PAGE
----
The Tuesday Matins begins with Psalm 35i, and continues with 35ii, 35iii, – 37i, 37ii, 37iii, – 38i, 38, ii, 39. Again the divided psalms are counted as psalms and they form one nocturn of 9 psalms. They can be made to fit a three nocturn feast as above for Monday. The psalms are still in roughly numerical order.
The Wednesday Matins begins with Psalm 45i, and continues with 45ii, 46, – 48, 49i, 49ii, – 50i, 50ii, 51. The order is still roughly numerical as was true for the Matins above and it can also be divided into three nocturns if necessary. The unique feature of Wednesday Matins is that when the psalms of Lauds are used according to scheme 1 the fiftieth psalm must be divided in to parts: 50i & 50ii but when scheme 2 is used it is divided into 50i, 50ii, 50iii because Psalm 51 will be said as part of Lauds.
The Thursday Matins begins with Psalm 62 and continues with 66i, 66ii, – 68i, 68ii, 68iii, – 69i, 69ii, 69iii. There is a rather big gap between Psalm 50/51 yesterday and Psalm 62 where today’s matins picks up the recitation of the psalms. But insofar as it does pick up it does so in a (very) roughly numerical order. The none psalms of Thursday can also be divided to form three nocturns when necessary.
The Friday Matins picks up at Psalm 78i, and continues with 78ii, 78iii, – 78iv, 78v, 78vi, – 79, 81, 83. The long Psalm 78 is divided up in 6 units and distributed over two nocturns. The sequence is, still, roughly numerical and only those psalms are left out of the sequence that are recited elsewhere in the course of the week. The total numer of psalms is nine and again they can be divided to form one or tree nocturns acording to need.
The Saturday Matins begins with Psalm 105i, and continues with 105ii, 105iii, – 106i, 106ii, 106iii, – 107i, 107ii, 107iii. The Matins psalms for the week is therefore concluded by Psalm 107. There is, once again, a big gap between Psalm 83 which concluded the ferial matins yesterday and Psalm 105 which opens the matins of today. The psalms left out are recited elsewhere during the week. The psalms of Saturday can be said as one nocturn or as three nocturns as was the case with the other days above.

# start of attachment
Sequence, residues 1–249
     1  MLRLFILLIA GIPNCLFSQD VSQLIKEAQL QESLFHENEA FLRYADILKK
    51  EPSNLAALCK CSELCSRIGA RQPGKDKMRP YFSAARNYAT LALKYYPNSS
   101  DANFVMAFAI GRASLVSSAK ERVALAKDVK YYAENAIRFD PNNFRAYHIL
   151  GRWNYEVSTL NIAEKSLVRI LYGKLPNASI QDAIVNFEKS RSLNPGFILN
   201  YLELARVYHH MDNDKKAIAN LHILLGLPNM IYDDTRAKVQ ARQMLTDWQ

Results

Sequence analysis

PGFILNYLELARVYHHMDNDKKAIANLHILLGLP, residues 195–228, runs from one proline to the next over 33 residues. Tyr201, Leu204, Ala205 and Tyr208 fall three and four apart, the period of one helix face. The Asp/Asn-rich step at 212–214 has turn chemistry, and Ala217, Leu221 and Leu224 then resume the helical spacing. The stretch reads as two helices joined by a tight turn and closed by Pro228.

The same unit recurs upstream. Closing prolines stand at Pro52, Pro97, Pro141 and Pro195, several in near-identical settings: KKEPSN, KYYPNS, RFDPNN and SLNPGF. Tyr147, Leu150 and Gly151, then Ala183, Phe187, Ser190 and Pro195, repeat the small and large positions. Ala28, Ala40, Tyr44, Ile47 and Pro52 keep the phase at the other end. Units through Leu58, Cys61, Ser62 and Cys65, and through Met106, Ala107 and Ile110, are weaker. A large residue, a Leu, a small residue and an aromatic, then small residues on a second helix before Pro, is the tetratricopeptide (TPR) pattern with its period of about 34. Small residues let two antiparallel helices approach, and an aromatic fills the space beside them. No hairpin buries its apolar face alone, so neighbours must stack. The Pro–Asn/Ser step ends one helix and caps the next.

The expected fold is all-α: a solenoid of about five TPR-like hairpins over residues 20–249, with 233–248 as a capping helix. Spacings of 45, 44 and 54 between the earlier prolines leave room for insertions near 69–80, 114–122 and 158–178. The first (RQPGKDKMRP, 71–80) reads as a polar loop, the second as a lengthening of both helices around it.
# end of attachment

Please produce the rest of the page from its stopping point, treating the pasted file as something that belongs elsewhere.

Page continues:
It can therefore be said that the reform of the Psalter under Pope Pius X has had the effect of significantly changing the way the Psalms are distributed over the office of matins throughout the week. Though it is obvious that efforts were made to retains some sort of numerical sequence, these efforts are not very successful. The, sometimes, big gaps from the matins of one day to the next are too big to say that the order of recitation is in numerical order. Yet it is not true to say that there is no numerical order of recitation at all. Some form of recitation in numerical order does characterize the psalter of the Anglican Breviary. The sequence is imperfect, but that was true of the pre-Pius X office as well. Psalms recited elsewhere were generally left out of matins in the pre-Pius X office too. In the Anglican Breviary this feature is more pronounced than before. In conclusion I think it is fair to say that the matins of the Anglican Breviary is different from the pre-Pius X matins, and that the reforms touched an essential part of the Divine Office that, perhaps, should not have been so reformed. At the same time the reforms that have been made under Pius X are not as radical as those of Quignonez, Cranmer, or the LOTH. The Pius X reforms seem to have aimed for some sort of continuity with what went before to be retained. It seems to me that one of the main reasons the reforms under Pope Pius X were far less radical than some others is that Pope Pius X did not seek to reform the office in accordance with a “new learning.” The office was expected to continue to say and do what it had always said and done. The reforms were therefore conservative and did not force a break with the past. In fact “what went before” continues to shape the office, and that is a very good thing.
The re-arranging of the psalter created the need for new antiphons. These antiphons were provided under Pius X and were translated into the Aglican Breviary as well. Though here, and at some other points, the translator of the Anglican Breviary has sometimes changed these antiphons in remarkable ways. The change in antiphons is worthy of study and comment but I must reserve this for another time. At this point I merely wish to bring this aspect of the Pius X reforms and the Anglican Breviary to the readers attention. Mostly so you know I did not overlook it!
Next the order of recitation of Vespers.
Gregory Wassen +